Box of Light: Fitzgerald’s 1928


Let there be light. Everything in life is a production. Sometimes making something happen depends on someone who remains invisible.

Meet Glen Ridge resident and Lighting Designer, Jill Nagle. Thanks to lighting by Jill, I saw five plays at the remarkable New Jersey Repertory Company in Long Branch before she became visible to me, and before I learned at a post-show reception that she lives in town.  We continued the conversation on another day at a high table beneath the gentle lighting at Fitzgerald’s 1928. 

There I learned that her choice of profession involved someone never visible to her – her grandfather, John Raymond Nagle, a medical doctor who caught pneumonia from one of his patients and died in 1933. Only decades later, when a sealed box was opened did the young doctor’s love of theater see the light once again.

He had been an intimate friend and colleague of Henry Fonda when they both worked in the Omaha Playhouse. The box contained, along with his prescription pad, certificates for founding shares of the Playhouse and a program that lists him as “Stage Director” for Henry Fonda’s first theater production. The men remained friends until the doctor’s death.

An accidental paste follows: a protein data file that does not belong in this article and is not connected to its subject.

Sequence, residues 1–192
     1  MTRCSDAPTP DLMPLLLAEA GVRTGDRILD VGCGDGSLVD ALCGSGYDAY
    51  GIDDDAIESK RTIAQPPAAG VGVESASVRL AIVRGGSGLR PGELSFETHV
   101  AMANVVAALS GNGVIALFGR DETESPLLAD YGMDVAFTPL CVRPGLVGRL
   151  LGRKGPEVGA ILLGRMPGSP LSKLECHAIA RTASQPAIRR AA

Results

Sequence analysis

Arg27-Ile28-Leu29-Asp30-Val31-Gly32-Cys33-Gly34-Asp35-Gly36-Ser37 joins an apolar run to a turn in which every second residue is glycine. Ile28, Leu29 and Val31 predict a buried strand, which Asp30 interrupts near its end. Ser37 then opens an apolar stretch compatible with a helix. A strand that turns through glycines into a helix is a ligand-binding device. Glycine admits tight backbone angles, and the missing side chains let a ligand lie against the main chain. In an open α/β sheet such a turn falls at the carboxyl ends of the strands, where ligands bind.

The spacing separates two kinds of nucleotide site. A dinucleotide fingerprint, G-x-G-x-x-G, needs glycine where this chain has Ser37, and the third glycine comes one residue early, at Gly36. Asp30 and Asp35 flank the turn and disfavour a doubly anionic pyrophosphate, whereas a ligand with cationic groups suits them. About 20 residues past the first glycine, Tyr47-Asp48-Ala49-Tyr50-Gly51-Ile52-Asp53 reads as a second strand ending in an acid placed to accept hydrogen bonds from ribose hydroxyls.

The box also contained other programs, including one for a production of Anna Christie that Jill’s grandfather did with Dodie Brando, Marlon Brando’s mother. Jill’s grandmother, a widow in her 20’s with four young sons in the middle of the depression taught in one-room schools in Iowa, Wyoming, and South Dakota before eventually teaching English at the University of Wisconsin.  In the early days, she also baby-sat for Marlon Brando.

See Jill’s impressive portfolio. Learn all about the New Jersey Repertory Company where she has been resident Lighting Designer for the last six years*. NJ Rep is unique for the number of new plays it has brought to light, world premieres that have gone on to theaters throughout the country and across the globe.

Jill says she knows two things to be true: “Love and Art.”  It’s okay with her that “most people don’t understand or even notice lighting.”  Her favorite review came from Ames Anderson, an actor in one of her NJ Rep productions, who characterized her work this way: “Lighting design is another character that plays comforter, villain, vixen, fiend, enemy, sage, sybil, all the while never announcing its presence.”

One more thing in the box would only become visible over time… a career dedicated to illumination… by such careful work repeatedly bringing into the light the unseen influence of a young doctor, her grandfather.


*Reviews of recent productions staged under lighting by Jill Nagle:  “Angels and Ministers of Grace,” “Dinner with the Boys,” “Lucky Me,” “A View of the Mountains,” and “Date of a Lifetime.”  Click here: